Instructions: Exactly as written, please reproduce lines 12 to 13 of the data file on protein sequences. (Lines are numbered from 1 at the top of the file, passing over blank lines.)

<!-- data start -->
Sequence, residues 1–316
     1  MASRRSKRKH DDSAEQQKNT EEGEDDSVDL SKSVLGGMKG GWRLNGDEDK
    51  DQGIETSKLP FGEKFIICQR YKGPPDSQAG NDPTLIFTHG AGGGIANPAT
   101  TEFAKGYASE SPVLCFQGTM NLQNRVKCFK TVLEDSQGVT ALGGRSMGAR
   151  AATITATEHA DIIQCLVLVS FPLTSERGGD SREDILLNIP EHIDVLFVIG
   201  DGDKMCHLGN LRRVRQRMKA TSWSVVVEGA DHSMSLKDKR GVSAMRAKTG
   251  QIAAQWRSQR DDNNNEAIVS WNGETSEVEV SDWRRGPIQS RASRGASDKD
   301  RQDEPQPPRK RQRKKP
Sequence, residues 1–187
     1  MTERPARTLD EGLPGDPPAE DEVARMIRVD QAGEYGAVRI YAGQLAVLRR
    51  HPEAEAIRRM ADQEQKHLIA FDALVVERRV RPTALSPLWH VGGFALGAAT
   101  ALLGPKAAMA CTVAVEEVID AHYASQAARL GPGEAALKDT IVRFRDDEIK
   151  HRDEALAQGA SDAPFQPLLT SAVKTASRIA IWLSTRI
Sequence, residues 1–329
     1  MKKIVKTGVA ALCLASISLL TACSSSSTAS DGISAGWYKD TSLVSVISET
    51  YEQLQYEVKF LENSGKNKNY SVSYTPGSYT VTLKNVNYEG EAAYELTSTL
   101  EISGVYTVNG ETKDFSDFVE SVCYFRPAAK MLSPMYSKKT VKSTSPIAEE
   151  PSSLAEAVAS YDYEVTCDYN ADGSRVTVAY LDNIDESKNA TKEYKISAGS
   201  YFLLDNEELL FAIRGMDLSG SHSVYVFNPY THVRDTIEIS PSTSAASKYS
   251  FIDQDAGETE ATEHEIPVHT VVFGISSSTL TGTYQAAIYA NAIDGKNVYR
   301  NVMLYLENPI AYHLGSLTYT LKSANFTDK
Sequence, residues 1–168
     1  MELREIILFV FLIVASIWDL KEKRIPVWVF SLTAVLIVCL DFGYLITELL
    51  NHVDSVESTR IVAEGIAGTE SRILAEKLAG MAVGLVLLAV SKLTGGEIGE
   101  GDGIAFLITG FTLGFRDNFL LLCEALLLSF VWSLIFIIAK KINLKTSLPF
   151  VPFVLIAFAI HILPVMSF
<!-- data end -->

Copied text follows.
   101  ALLGPKAAMA CTVAVEEVID AHYASQAARL GPGEAALKDT IVRFRDDEIK
   151  HRDEALAQGA SDAPFQPLLT SAVKTASRIA IWLSTRI